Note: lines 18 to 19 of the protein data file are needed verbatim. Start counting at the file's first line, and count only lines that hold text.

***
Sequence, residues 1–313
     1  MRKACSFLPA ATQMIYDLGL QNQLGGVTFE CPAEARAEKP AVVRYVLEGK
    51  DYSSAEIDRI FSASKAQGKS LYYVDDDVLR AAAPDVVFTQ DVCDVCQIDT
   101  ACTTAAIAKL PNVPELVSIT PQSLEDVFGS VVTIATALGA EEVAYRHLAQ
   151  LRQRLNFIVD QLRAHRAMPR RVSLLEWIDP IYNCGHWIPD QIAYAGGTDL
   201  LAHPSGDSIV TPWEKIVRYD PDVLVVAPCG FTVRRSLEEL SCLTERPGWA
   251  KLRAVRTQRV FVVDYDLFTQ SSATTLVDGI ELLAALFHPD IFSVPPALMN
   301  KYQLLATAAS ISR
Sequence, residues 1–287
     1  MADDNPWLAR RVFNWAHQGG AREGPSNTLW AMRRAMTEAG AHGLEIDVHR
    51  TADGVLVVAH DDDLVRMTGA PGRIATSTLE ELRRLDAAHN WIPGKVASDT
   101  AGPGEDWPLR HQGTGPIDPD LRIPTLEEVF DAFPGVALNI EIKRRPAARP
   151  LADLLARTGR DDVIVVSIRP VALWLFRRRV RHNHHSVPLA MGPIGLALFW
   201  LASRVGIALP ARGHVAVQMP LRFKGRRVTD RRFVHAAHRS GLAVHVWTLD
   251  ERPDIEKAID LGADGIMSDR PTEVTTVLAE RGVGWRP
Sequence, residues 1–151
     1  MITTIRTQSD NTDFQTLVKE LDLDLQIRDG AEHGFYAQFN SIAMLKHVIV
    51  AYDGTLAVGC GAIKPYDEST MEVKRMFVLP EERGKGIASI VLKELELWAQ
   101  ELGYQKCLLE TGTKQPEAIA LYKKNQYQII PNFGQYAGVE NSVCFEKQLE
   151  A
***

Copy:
    51  AYDGTLAVGC GAIKPYDEST MEVKRMFVLP EERGKGIASI VLKELELWAQ
   101  ELGYQKCLLE TGTKQPEAIA LYKKNQYQII PNFGQYAGVE NSVCFEKQLE